It seems you can get away with just about anything in the name of charity. Since 2014, Glasgow University Charity Fashion Show (GUCFS) has received universal admiration on campus for its ability to combine professionalism with a meaningful charitable cause. The launch of this year’s fashion show in October 2015, was the place to be for anyone who wanted to be seen with the great and good of student events. Last year, GUCFS benefitted from the generosity of the Chancellor’s Fund, but from the outside, it appears to have been an an exercise in student vanity and careerism. Those who see the show as self-indulgent and overly commercialised have been prevented from speaking out because, theoretically, it is “all for a good cause”.
When an organisation that puts the word ‘charity’ in its name, calls itself a “philanthropic entity”, spends £11,000 on procuring the services of an events management company, and then gives just £3000 to charity, it is easy to see what its priorities are. Yet, at the time, the committee insisted that the 2015 event was “astoundingly successful”, despite never declaring on social media how much it actually donated to charity.
The odd thing is that no one seems to have noticed. Nobody, even those associated with GUCFS, seems to have been particularly interested actually fulfilling the society’s core objective of raising money for charity. When G-You interviewed GUCFS, there was not a single question about the charitable donation the society hoped to make. When The Skinny covered the show, it was content to focus on the “startlingly marvellous fashion, beautiful Weegie students and a killer afterparty [sic]”.
GUCFS defines itself as an opportunity for students to gain creative experience working on a high-profile project. Indeed, its image is impressively professional and, for a relatively new arrival on campus, it has managed to gain a lot of recognition – but at a cost. This emphasis on ‘looking professional’ has hugely overshadowed any semblance of competence, pushing costs to an absurd level.
The Chancellor’s Fund, too, had its part to play in sponsoring what was, essentially, a vanity project. The Chancellor’s Fund must realise that the £8,000 it gave to this project would have been better spent if it had given the money directly to charity, bypassing the egregious financial waste of the fashion show altogether. The Chancellor’s Fund gives financial support to many worthwhile student-centred projects on campus, but it is clear that GUCFS is not one of them. The priority from the outset seems to have been to organise the most elaborate, most expensive event on campus, with very little consideration given to the intended recipient – the Beatson Pebble Appeal. Other universities have charity fashion shows, many of which spend considerably more than £11,000, but it seems that, last year, GUCFS was intent on spending as much as possible in order to compete with them on that basis alone, regardless of how much it would ultimately donate to charity.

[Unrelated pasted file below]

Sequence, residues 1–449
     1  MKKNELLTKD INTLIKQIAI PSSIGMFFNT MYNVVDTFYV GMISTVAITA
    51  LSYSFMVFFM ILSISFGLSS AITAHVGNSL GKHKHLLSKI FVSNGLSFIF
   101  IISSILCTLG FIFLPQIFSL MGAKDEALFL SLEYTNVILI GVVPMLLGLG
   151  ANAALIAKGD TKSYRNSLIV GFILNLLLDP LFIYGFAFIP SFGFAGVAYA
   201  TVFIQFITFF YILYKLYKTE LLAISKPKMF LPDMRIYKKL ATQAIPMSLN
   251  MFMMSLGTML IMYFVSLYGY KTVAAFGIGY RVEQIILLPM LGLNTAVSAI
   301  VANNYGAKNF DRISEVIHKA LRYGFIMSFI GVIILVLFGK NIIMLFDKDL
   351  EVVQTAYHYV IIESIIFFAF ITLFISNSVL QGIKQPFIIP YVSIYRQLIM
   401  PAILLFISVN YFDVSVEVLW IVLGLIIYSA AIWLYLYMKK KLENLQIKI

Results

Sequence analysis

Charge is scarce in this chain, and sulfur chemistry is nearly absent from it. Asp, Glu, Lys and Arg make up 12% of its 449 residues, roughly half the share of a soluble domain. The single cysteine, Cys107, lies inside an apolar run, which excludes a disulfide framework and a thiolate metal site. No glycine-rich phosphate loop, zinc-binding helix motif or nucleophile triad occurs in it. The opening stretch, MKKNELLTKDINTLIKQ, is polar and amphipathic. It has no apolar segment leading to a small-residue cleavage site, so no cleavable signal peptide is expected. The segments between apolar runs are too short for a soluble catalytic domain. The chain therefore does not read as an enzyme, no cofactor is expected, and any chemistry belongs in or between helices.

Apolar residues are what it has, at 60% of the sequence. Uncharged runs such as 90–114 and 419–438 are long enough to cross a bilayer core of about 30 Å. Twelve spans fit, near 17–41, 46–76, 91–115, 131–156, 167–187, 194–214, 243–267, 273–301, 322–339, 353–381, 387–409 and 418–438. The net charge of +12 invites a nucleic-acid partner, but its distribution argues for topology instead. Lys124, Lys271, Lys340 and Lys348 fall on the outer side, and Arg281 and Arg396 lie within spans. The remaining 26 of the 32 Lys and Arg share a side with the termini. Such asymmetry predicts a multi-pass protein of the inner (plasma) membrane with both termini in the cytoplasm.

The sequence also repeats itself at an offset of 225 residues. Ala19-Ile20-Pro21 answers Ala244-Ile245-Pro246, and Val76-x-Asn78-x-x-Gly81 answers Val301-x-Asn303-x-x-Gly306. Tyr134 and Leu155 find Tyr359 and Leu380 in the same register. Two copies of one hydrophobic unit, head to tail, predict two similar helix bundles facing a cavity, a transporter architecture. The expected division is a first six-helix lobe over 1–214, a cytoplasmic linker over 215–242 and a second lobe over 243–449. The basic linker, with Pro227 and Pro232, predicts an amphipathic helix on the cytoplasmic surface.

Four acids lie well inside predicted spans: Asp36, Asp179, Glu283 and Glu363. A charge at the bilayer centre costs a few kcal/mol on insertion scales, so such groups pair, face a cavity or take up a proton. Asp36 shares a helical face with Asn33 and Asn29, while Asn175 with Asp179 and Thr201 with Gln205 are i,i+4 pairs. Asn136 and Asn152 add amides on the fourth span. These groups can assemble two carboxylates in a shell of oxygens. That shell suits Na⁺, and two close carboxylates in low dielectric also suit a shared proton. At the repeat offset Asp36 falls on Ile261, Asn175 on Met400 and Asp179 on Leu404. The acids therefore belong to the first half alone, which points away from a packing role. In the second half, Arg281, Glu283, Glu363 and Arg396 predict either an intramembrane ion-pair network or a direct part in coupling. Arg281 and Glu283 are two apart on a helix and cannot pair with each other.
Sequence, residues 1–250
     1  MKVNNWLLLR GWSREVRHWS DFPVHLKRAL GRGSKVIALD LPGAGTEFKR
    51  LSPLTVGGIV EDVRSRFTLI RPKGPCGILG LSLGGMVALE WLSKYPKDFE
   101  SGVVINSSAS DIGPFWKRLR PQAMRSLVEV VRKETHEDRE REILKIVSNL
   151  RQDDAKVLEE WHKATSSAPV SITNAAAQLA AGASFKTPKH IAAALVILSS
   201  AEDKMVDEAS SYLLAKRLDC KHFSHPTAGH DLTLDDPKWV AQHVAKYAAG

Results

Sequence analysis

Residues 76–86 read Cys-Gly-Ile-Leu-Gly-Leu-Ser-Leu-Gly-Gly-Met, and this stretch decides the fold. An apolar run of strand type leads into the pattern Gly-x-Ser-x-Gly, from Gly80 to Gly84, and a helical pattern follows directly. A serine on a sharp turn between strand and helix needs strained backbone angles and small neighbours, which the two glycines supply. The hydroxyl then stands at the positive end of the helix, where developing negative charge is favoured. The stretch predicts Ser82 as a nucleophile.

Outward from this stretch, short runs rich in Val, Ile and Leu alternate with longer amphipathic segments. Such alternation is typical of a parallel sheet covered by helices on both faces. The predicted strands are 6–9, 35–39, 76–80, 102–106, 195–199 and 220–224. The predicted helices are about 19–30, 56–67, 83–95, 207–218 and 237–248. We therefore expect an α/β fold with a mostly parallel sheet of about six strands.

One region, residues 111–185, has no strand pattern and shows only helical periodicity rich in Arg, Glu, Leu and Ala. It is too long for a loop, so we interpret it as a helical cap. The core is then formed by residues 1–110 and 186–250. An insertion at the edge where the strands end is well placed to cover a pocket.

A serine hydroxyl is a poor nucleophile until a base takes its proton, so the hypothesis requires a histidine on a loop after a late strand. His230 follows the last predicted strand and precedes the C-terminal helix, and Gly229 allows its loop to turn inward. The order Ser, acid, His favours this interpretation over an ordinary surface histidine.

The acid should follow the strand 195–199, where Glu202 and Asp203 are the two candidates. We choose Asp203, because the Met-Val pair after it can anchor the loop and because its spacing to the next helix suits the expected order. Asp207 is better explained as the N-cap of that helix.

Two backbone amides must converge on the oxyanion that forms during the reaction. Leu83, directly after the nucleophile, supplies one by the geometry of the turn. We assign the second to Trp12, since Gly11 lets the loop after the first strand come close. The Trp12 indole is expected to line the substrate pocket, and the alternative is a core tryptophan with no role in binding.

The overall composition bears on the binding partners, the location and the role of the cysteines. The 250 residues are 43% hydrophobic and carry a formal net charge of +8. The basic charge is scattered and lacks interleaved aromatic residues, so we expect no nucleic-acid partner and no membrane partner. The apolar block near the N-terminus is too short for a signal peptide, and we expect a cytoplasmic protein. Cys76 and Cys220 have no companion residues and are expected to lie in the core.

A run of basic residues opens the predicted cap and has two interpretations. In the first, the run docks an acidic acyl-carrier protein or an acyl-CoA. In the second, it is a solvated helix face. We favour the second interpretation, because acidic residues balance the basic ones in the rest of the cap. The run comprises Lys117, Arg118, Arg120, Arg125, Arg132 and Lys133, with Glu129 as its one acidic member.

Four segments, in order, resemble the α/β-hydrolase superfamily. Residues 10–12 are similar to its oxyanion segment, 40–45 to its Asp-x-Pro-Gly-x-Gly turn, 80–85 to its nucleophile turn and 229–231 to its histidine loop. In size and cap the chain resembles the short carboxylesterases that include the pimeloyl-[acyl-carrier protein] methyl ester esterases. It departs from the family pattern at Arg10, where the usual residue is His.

Costs were allowed to spiral out of control and, the salient fact is that GUCFS could have donated considerably more to the cause that made the society so appealing to so many, including the Chancellor’s Fund.
GUCFS has become little more than an opportunity for already high-profile students to play at being campus celebrities, while maintaining the pretence of generosity and goodwill. If costs had been kept under control, and the egos of particular individuals kept in check, the society would have been able to invest the money it received from the Chancellor’s Fund sensibly in the future of the society and, in all likelihood, donated significantly more to the Beatson Pebble Appeal. While, the objective of the GUCFS is admirable, the execution, last year, was shocking in terms of cost. If it hopes to make a larger donation to charity this year, the current committee should learn from the mistakes of the recent past, bearing in mind that a charity, however noble its ambitions, must operate with financial good sense. The donation it made to the Beatson Pebble Appeal was better than nothing, but if it is truly to fulfil its potential as a charitable enterprise, its costs must be in proportion to its total projected donation to charity.